Marx actually ruled out analysing the form of exploitation where labour was not paid enough to reproduce itself. This sometimes seems to be taken to mean it does not happen in practice, or is unimportant, but that is surely to misunderstand Marx’s procedure in Capital. At points, Marx excludes certain aspects of the actual functioning of capitalism the better to expose its essential workings. In this case the rationale was clearly to show that even where the system was not obviously untenable, it was still inherently exploitative and driven towards crisis. This, again, does not mean that Marx did not consider the destruction of labour power to be an unimportant phenomenon in the system as it actually worked.
In reality, ‘super-exploitation’, in this sense of workers being exploited to the destruction of the capability to maintain labour-power, was clearly at work in the industrial cities of Marx’s time. The nineteenth-century factory acts in Britain very gradually outlawed child labour and brought the working day to a norm of ten hours. Partly these were forced on parliament through the struggles of workers and their trade unions. Also, however, there was an increasing recognition among the more thoughtful of the bourgeoisie that allowing that form of super-exploitation to continue was endangering the future reproduction of capital itself.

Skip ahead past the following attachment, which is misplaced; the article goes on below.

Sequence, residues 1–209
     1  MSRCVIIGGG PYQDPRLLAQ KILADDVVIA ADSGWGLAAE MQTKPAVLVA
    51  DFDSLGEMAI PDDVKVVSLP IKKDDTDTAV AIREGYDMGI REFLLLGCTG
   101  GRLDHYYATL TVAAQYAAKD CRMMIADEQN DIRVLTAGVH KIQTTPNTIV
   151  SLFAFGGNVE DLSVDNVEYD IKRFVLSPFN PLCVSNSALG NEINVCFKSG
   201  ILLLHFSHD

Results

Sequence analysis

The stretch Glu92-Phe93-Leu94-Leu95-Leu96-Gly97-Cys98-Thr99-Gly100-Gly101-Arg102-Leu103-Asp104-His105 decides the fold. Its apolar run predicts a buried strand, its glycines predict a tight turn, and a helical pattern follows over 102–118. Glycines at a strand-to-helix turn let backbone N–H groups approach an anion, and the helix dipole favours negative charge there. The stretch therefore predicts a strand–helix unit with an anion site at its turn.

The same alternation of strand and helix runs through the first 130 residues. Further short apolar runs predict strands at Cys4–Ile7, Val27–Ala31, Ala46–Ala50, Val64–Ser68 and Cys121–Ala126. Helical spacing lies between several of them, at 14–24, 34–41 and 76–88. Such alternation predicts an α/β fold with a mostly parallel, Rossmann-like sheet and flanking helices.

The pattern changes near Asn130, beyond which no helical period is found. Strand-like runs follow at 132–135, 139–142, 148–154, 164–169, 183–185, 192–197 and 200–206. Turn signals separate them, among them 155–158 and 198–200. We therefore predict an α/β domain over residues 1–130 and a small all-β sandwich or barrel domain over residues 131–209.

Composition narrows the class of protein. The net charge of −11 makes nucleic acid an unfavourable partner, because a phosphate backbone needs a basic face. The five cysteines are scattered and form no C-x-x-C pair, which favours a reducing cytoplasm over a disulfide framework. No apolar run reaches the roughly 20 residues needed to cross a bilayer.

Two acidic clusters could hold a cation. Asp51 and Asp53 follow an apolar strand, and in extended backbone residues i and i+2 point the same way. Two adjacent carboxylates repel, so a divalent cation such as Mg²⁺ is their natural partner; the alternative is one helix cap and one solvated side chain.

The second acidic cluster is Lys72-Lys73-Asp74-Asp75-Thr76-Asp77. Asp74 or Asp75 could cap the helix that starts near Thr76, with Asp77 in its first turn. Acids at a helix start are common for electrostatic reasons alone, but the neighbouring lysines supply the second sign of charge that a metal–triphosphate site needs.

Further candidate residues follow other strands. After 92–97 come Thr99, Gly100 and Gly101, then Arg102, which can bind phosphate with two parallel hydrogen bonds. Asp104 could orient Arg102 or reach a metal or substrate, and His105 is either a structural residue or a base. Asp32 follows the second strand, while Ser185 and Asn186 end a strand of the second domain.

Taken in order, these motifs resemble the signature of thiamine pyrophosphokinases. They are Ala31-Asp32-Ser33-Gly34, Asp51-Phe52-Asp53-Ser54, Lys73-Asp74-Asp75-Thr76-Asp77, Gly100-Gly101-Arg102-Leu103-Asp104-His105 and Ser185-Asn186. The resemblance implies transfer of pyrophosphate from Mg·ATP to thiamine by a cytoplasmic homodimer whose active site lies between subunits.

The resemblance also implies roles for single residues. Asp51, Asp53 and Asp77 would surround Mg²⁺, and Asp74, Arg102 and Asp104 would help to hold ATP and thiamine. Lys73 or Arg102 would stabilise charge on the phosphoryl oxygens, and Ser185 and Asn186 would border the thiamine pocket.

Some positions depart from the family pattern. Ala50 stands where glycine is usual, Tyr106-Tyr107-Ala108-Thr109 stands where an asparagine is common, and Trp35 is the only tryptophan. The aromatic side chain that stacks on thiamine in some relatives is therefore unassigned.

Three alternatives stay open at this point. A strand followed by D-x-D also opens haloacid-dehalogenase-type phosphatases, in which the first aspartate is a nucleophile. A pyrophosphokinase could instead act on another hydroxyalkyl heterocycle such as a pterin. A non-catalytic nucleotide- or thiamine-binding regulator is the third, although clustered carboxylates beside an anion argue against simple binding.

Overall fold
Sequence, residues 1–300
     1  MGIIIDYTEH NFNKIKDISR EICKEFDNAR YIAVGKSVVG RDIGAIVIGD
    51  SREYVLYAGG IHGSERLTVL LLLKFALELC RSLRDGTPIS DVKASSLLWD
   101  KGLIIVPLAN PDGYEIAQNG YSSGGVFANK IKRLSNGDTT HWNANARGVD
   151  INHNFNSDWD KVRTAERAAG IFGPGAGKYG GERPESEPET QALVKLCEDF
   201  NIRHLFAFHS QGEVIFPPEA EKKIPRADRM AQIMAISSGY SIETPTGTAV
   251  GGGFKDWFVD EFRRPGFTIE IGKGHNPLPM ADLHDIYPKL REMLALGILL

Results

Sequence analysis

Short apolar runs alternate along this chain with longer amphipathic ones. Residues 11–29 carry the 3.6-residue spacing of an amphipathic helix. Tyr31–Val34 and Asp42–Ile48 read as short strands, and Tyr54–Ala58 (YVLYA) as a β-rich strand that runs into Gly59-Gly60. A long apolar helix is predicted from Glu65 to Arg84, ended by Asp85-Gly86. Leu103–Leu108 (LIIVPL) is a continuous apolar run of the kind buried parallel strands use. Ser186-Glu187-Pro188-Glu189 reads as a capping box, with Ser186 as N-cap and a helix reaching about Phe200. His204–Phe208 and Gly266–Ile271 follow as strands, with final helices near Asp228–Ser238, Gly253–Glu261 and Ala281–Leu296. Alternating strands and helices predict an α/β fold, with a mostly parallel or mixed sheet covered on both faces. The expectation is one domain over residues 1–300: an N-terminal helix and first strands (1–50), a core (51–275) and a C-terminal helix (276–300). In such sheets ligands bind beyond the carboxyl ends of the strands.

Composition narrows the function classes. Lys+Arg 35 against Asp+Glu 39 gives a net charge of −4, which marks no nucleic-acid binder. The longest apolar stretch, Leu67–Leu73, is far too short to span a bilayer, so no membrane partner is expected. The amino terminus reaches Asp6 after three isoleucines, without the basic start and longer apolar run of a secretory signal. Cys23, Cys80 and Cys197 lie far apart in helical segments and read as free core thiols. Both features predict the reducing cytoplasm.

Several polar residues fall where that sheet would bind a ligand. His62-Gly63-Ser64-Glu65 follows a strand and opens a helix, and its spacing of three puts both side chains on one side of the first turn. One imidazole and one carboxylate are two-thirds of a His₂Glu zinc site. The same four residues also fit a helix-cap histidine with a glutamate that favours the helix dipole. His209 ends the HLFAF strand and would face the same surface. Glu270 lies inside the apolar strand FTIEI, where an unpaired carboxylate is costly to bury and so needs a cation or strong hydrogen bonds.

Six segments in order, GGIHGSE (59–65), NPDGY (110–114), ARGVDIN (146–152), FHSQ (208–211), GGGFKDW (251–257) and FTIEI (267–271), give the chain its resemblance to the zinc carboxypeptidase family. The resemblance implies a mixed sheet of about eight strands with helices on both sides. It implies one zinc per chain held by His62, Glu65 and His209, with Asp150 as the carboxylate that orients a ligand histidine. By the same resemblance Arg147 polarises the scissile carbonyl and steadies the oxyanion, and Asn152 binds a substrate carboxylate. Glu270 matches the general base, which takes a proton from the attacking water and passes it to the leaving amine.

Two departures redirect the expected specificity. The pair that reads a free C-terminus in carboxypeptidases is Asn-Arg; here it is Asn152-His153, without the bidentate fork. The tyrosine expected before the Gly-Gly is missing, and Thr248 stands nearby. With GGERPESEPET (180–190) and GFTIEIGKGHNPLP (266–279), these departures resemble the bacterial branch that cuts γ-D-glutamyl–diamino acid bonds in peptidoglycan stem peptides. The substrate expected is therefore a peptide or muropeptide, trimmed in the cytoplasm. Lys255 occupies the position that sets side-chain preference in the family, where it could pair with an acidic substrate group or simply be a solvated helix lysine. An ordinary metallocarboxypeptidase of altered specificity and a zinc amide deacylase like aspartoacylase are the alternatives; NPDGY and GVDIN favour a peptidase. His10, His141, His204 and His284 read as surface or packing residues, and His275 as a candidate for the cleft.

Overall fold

Capitalism has not changed in any of its essential dynamics since Marx’s time, but the balance of power between capital and labour does shift through development. Currently, technological advances, including in the capacity for transport across the globe, have made the reserve army of labour effectively a global phenomenon, and this works against labour in relation to capital across the world. When capital can switch production from one low-wage economy to another with comparative ease, this, among other factors, produces the conditions in which it can drive down wages in some cases beyond the point where labour is capable of reproducing itself.